Electricity customers in South Carolina remain obligated for debts incurred by SCANA for its ill-fated nuclear project. The passage of the 2006 Base Load Review Act (BLRA) by the South Carolina General Assembly is a political embarrassment. This law permits cost recovery for new power plants while they are being built, not like in the old days when state regulators would only permit customers to be charged for new investments after they were competed and had entered commercial service.

Right now the real wild card in the Dominion-SCANA transaction is the South Carolina legislature. Despite the 2006 BLRA, many legislators are reported to be upset with the idea of any recovery for cancelled nuclear plant investment. They may address this legislation when the legislature reconvenes on January 9. Dominion's Chairman, Tom Farrrell, stated plainly on a conference call that any meaningful alteration of the BLA would be a deal breaker.

The investment bankers, some politicians and other merger advocates will attempt to assuage public concern with "small" numbers related to canceling nuclear plant costs: "only" $20 per month for 20 years.

We can't know precisely how many customers SCANA will have over time or whether large industrial load will migrate to neighboring wholesalers. But for current customers, we calculate that these cancelled nuclear plant debt costs could equate to $170 million per year for a total of $3.4 billion over 20 years. Despite the potential change in ownership this is an additional expense South Carolina's electricity customers will bear for the former management's nuclear misadventures.

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Instead of a $25 billion nuclear facility, Dominion has agreed to, at its own shareholders expense, finance a 540 MW gas fired power plant dedicated entirely to serving SCANA's customers. Estimated cost, $180 million. If this occurred on a football field instead of a corporate boardroom, we would expect a referee's whistle and penalties for taunting or unsportsmanlike conduct.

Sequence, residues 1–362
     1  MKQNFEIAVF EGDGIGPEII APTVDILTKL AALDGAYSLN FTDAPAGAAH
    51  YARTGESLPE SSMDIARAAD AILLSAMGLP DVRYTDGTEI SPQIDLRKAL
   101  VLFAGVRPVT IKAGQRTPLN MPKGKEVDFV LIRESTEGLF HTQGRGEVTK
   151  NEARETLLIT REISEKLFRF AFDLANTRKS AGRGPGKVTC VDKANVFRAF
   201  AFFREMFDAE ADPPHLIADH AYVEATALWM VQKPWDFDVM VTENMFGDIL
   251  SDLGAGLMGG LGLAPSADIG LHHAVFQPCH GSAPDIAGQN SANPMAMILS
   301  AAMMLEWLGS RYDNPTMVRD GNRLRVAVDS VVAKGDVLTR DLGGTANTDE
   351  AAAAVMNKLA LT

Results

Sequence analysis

In all fairness to SCANA's previous management, load growth forecasts for the region circa 2005, when the nuclear go ahead decision was contemplated, appeared far more robust than those for 2018 and beyond.

You can find Leonard Hyman's lastest book ‘Electricity Acts’ on Amazon


With the benefit of hindsight, it appears SCANA never really have needed an expensive nuclear facility to meet its customer's future power needs in the first place. Thus from a policy and investment perspective the cancellation decision does not appear to be a bad one.

In the end, SCANA's shareholders should make out reasonably well assuming this transaction receives its various regulatory, FTC and shareholder approvals. SCANA's former bondholders will now look for their ultimate credit support to Dominion Resources. They incur no capital loss or impairments.

Customers in the Carolinas get something of a break. They may only have to pay for part of a nuclear construction debacle. And despite what they pay, this cancelled-plant investment, like a dead winter battery, will never produce electricity.

By Leonard Hyman and William Tilles for Oilprice.com